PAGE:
Naturally, speculation will increase that Biogen could be placed back on the sale block.
It might be lost amidst all the palace intrigue, but Mullen did manage to bring home a 12% return for shareholders in 2009 -- making Biogen the only big-cap biotech stock to close the year in the green.
Still, Biogen does face challenges ahead with the increase in the number of cases of the serious brain infection known as PML tied to use of its multiple sclerosis drug Tysabri. The company has also experienced setbacks recently with its late-stage drug pipeline.
Biogen shares closed Monday at $53.64, ahead of the announcement of Mullen's retirement.
Help Wanted: Big-Cap Biotech CEO
Running a multi-billion dollar, profitable biotech firm isn't a position that comes available very often, which makes the search for a new CEO at Biogen Idec a relatively rare event.
Mullen joined Biogen in 1989 and rose to the CEO post in 2000, the same year that
current CEO Kevin Sharer also took over the top job at his company.
( GENZ) CEO Henri Termeer is the longest-serving CEO in the big-cap biotech group, named to the position in 1985. (How long he stays there is also an intriguing question for 2010.)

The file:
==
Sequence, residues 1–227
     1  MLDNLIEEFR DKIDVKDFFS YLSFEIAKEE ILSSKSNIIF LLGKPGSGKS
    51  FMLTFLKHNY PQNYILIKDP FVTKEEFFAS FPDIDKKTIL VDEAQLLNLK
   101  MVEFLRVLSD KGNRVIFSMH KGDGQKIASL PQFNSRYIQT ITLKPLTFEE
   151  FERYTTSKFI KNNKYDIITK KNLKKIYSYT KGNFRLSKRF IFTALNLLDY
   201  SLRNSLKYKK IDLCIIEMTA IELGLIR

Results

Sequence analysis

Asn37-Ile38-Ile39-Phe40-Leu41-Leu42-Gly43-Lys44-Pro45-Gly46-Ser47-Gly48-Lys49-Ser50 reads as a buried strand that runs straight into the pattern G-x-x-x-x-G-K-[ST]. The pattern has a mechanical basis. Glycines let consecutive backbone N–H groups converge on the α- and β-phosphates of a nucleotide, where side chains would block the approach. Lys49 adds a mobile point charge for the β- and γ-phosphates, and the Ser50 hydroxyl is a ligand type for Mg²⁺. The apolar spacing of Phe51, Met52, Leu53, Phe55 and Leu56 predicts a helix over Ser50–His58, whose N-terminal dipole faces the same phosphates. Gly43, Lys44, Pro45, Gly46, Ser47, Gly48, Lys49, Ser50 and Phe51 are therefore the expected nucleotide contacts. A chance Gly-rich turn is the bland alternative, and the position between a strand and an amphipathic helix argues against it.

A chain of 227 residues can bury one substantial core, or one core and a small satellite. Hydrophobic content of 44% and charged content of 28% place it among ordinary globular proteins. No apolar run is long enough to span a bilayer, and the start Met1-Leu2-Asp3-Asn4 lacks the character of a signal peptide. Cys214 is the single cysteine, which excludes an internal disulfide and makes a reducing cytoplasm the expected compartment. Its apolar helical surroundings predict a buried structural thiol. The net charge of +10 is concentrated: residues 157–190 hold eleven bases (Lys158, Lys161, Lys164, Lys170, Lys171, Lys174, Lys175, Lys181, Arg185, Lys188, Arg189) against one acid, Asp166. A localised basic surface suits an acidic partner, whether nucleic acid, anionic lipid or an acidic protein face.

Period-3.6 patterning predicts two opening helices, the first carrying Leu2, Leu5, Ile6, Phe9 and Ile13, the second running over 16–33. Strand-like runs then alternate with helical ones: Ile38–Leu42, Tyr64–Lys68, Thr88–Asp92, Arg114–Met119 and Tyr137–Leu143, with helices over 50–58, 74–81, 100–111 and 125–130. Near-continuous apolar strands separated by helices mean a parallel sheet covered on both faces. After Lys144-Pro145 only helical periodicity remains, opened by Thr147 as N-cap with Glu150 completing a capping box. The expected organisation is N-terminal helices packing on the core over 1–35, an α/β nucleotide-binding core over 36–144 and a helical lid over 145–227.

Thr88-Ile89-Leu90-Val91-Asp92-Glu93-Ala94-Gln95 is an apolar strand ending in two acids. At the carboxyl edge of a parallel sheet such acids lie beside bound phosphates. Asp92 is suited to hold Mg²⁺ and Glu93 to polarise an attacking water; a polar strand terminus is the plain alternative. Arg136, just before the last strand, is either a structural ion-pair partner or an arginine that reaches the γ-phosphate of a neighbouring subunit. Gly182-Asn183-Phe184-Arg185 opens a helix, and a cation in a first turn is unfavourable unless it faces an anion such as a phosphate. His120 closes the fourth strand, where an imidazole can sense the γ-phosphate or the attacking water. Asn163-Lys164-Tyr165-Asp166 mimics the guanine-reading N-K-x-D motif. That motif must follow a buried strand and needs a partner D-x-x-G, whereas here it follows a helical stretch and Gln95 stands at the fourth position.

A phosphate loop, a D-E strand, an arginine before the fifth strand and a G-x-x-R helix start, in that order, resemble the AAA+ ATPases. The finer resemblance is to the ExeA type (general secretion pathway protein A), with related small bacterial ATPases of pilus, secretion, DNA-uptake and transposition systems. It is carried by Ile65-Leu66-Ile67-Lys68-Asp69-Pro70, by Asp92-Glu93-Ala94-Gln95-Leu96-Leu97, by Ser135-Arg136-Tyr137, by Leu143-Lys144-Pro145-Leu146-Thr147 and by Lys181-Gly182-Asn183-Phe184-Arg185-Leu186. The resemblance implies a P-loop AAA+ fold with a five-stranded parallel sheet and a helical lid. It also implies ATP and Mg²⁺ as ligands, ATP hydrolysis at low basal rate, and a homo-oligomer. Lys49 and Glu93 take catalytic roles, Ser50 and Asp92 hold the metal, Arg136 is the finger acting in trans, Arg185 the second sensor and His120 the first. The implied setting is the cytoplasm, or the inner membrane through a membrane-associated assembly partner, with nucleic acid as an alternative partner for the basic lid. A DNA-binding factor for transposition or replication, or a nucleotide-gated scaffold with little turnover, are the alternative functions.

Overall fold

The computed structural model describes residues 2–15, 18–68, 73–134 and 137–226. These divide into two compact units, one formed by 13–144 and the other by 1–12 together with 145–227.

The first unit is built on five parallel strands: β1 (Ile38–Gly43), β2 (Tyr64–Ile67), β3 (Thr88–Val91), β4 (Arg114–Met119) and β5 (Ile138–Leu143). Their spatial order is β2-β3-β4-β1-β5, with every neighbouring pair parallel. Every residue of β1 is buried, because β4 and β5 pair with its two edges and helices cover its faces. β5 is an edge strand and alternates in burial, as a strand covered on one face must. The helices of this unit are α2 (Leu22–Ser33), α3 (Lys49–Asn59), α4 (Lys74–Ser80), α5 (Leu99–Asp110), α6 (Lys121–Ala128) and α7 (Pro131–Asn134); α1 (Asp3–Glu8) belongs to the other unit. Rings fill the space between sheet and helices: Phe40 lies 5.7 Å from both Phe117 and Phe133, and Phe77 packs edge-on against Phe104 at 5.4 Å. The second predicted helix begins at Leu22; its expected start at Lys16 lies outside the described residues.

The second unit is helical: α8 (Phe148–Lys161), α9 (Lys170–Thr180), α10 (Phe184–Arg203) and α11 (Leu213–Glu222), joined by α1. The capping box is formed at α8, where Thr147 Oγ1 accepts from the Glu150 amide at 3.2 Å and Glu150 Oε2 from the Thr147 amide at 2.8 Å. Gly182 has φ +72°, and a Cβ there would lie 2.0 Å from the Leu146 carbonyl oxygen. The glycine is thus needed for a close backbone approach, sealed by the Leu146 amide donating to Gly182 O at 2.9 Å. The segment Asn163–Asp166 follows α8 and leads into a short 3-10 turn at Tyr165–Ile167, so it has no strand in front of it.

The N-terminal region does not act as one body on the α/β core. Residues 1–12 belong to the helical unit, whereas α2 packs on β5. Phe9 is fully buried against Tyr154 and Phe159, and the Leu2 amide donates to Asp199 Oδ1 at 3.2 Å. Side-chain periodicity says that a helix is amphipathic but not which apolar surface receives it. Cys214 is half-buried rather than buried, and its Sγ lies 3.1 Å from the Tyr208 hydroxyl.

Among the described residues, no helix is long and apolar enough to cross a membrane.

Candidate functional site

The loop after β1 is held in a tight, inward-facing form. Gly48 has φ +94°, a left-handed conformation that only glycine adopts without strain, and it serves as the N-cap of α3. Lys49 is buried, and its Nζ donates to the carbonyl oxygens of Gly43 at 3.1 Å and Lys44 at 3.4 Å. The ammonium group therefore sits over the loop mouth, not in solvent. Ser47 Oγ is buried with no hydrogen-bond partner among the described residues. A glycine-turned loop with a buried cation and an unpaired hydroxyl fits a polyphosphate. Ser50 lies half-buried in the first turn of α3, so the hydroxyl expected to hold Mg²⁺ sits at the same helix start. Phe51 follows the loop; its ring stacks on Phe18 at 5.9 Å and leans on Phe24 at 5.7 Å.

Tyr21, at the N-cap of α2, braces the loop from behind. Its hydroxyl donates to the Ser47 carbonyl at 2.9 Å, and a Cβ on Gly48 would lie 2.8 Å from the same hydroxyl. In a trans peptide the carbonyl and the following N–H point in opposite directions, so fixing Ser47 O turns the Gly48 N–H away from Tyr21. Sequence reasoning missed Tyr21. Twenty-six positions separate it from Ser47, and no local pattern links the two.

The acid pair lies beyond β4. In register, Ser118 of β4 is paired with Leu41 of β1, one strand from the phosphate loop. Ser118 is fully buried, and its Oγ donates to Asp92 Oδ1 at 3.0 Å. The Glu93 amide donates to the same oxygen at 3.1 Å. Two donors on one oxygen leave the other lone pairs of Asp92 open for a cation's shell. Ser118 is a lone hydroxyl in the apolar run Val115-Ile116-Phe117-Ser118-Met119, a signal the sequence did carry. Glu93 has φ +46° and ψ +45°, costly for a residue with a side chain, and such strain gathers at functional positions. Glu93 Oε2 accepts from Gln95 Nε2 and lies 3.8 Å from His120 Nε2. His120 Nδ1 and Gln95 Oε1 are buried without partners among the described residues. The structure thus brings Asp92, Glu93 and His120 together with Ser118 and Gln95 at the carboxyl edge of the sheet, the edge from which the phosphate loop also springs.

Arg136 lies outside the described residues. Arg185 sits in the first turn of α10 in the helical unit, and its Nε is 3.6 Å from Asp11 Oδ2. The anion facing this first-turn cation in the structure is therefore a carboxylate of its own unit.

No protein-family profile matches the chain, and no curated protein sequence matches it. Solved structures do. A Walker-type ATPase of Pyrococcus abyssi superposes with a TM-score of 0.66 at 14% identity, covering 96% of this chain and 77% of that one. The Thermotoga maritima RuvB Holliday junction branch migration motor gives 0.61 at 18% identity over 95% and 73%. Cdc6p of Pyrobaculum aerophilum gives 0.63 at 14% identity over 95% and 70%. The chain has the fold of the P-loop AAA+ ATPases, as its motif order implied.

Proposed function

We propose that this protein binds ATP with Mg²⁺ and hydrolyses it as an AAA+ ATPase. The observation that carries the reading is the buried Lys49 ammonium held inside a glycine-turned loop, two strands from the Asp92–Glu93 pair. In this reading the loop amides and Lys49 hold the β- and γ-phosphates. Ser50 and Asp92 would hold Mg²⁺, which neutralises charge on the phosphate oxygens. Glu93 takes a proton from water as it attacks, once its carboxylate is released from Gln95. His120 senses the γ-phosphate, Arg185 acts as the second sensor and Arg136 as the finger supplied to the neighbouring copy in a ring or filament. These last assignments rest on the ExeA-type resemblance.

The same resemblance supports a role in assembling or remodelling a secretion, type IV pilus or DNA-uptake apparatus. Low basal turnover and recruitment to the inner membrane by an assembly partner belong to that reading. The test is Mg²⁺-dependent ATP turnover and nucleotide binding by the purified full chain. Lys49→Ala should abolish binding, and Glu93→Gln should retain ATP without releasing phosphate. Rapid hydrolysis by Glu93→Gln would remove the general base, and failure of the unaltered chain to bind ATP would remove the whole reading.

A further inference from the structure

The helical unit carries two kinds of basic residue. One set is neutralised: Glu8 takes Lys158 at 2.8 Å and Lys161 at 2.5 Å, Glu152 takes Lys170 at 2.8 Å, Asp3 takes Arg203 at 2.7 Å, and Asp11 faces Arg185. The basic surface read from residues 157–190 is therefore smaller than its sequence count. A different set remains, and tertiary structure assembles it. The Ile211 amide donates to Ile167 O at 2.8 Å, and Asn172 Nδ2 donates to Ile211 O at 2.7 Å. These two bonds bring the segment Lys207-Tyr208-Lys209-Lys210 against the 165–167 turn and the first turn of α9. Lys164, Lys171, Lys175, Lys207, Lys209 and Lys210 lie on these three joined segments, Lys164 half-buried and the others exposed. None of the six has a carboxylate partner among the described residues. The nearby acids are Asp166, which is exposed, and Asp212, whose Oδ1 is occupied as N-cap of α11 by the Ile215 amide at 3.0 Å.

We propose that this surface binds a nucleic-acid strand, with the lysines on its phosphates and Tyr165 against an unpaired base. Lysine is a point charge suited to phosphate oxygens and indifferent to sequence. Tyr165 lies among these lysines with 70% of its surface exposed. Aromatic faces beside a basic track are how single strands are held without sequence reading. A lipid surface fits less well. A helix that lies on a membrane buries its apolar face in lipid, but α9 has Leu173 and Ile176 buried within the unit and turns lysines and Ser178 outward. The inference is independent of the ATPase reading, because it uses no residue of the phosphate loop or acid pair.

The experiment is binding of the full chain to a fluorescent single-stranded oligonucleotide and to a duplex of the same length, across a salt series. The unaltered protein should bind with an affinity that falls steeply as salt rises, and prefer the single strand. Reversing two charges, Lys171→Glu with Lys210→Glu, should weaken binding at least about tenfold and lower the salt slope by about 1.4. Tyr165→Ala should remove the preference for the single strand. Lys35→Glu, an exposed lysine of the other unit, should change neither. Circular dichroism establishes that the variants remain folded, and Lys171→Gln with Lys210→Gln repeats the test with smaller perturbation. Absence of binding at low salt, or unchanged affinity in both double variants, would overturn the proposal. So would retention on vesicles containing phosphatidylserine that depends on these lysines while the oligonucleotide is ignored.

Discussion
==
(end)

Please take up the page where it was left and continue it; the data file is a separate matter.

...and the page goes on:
John Martin became
CEO in 1996, while
CEO Sol Barer is a relative newcomer, having been promoted to his position in 2006. (Although Barer's tenure with Celgene began in 1987.)
Of course, the roster of big-cap biotech CEOs isn't complete without mentioning the most respected -- and successful -- of them all:
Art Levinson, who stepped down last year after the takeover of the company by
I don't know what sort of farewell speech Mullen is planning for June, but he might get some ideas from this video of Levinson
at a surprise rally in his honor held last March.
-- Reported by Adam Feuerstein in Boston
Adam Feuerstein writes regularly for TheStreet.com. In keeping with TSC's editorial policy, he doesn't own or short individual stocks, although he owns stock in TheStreet.com. He also doesn't invest in hedge funds or other private investment partnerships. Feuerstein appreciates your feedback;